Over the last few weeks I’ve seen Rich Fulcher, Bennett Arron, Bridget Christie, Caroline Mabey and Thom Tuck trying out brand new stuff in front of audiences and it’s been just fantastic. I know their finished shows will be great but there’s just something about seeing it when even the performer themselves isn’t really quite sure what comes next that makes it utterly exciting. I’ve seen Robin Ince preview too but, as his finished show will still be him basically arguing with himself every night, that doesn’t count. And my own previews have been a joy, maybe not for the audience but definitely for me. Even the shit one at The Albany where I forgot every single thing in front of an audience of 7 friends and 2 other people was fun really. Previews should really be the finished show. We should all preview throughout June and July for the Edinburgh Festival and then not go because it doesn’t exist. Even the actual month of August was just a dream.

There are still previews going on so don’t make the mistake of not seeing them. Here’s some I really recommend you see:


Bridget Christie at The Fix in Camden
Richard Herring in Colchester
Sara Pascoe at the New Wimbledon Theatre
Lewis Schaffer at The Source Below in Soho, London
Carey Marx at East Meets Jest in Clapham
Edward Aczel at Comedy Bunker in Ruislip

Thursday 28th

Richard Herring in Cardiff
Tiffany Stevenson at The Top Secret Comedy Club in Covent Garden
Jigsaw featuring Dan Antopolski, Nat Luurtseema and Tom Craine at The Junction in Cambridge
Kerry Godliman & Paul Sinha at Tara Studio in Earlsfield
Lloyd Langford at Hampstead Comedy Club

Friday 29th

Caroline Mabey and Holly Walsh at The Black Sheep in Crystal Palace
Tiffany Stevenson at Abbey Fest in Wimbledon
Jigsaw featuring Dan Antopolski, Nat Luurtsema and Tom Craine at Colchester Arts Centre
Richard Herring in Cardiff
Stephen Carlin at Hampstead Comedy Club

Sunday 31st

Richard Herring in Newcastle
Bennett Arron in Balham

Oh, look. There’s just loads. I gave up looking but you shouldn’t. And they’re not all in London either so check what’s happening in an arts centre or sticky, smelly room above a pub near you. BUT DON’T MISS OUT ON SEEING THESE SHOWS NOW. Remember, in a week we’ll have lost all of these wonderful, unpredictable and funny previews to expertise. It’s a great shame.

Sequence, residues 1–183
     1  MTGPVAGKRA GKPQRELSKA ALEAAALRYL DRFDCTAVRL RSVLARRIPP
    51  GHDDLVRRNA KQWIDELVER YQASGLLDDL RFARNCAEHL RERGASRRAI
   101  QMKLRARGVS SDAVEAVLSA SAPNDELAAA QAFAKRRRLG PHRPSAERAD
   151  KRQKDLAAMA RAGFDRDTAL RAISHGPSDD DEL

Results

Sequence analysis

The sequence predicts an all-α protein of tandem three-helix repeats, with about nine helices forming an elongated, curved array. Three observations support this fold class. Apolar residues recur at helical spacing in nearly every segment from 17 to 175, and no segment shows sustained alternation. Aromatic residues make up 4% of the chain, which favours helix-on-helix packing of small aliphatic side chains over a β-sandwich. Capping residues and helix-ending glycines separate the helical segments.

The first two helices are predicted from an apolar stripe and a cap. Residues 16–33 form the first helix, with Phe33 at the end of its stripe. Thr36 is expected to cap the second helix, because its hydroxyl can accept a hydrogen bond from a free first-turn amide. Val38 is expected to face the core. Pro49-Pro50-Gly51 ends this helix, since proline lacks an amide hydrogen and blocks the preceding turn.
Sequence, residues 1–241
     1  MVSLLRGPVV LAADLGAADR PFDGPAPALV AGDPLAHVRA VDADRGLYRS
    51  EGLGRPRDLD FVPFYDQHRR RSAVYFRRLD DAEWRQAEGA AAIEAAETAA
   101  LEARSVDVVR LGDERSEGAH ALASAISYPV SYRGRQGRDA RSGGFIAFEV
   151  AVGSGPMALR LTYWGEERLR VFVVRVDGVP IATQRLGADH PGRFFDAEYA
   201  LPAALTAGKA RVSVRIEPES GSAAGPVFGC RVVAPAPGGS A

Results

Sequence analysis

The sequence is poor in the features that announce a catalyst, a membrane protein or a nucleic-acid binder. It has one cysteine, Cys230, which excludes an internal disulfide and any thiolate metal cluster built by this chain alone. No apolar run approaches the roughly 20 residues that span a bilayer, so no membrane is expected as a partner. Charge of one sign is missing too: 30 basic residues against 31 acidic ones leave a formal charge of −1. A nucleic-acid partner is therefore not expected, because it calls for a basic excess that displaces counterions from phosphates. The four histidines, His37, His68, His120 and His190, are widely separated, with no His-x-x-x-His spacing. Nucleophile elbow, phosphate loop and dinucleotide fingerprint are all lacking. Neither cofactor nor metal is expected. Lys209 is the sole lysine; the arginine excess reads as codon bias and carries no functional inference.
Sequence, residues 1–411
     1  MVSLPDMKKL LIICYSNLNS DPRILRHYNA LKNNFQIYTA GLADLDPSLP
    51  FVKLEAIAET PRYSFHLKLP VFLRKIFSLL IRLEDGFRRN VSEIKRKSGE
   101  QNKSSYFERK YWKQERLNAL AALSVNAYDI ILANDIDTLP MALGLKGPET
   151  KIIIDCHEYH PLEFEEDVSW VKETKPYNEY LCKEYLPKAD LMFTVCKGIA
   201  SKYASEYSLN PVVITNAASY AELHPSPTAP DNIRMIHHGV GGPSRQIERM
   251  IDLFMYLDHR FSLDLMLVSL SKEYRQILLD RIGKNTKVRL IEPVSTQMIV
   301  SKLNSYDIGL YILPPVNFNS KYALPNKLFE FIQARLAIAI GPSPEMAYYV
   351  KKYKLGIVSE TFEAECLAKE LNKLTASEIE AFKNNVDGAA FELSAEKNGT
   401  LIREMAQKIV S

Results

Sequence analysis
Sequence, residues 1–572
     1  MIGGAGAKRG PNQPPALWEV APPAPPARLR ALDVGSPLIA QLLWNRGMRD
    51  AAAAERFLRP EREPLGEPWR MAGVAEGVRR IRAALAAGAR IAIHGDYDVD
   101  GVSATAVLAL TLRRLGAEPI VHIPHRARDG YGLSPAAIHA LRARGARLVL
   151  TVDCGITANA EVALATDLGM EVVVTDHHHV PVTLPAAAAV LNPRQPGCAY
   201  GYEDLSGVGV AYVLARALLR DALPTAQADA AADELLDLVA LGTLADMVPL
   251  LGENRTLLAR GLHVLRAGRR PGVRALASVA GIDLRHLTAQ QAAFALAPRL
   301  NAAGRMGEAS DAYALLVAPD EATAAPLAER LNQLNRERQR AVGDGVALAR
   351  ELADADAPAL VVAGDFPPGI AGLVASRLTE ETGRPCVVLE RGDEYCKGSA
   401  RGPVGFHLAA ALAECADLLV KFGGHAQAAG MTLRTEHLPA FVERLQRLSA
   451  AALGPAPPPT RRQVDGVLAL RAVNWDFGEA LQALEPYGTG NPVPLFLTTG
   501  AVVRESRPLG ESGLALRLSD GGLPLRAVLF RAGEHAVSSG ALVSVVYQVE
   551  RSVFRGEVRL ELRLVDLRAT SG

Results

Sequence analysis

Also, thanks very much to everyone who came to see the Curse Sir Walter Raleigh previews. I had so much fun. Special thanks to the people who came to and performed at The Phoenix shows throughout July, in particular Neal who came to all of them. I very grateful indeed. I hope to see you in Scotland.

Tickets for CURSE SIR WALTER RALEIGH at this year's Edinburgh Fringe are now on sale here:

Tickets for POINTLESS ANGER, RIGHTEOUS IRE 2: BACK IN THE HABIT at this year's Edinburgh Fringe are now on sale here:

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Holly said...

No, no, no, dear boy, unlucky on the Caledonian Sleeper is when you've been too poor for a berth ticket and just end up with a seat. Then it's basically like being on the normal London-Ed train except it takes longer, there's less room, and you go from being dead tired to terrified of falling asleep in case one of the other passengers who shares your level of crankiness and horror goes on that stabby rampage you've been fantasising about since Watford Junction.

Neal said...

I came to one of them by "mistake"! OK, it was T & C's leaving do so I felt I should. (Bloody funny, anyway.)

Anonymous said...

Well done Michael on doing the fringe. I know the fear, and I have felt the disappointment (too many times). But you are right, it's the "doing" that counts. That you love what you do can be the reward (I like the cash too). I loved your blogs in the run up to and during the Fringe. Insightful and moving. Again, job done, so congratulations!
Brendan O'Carroll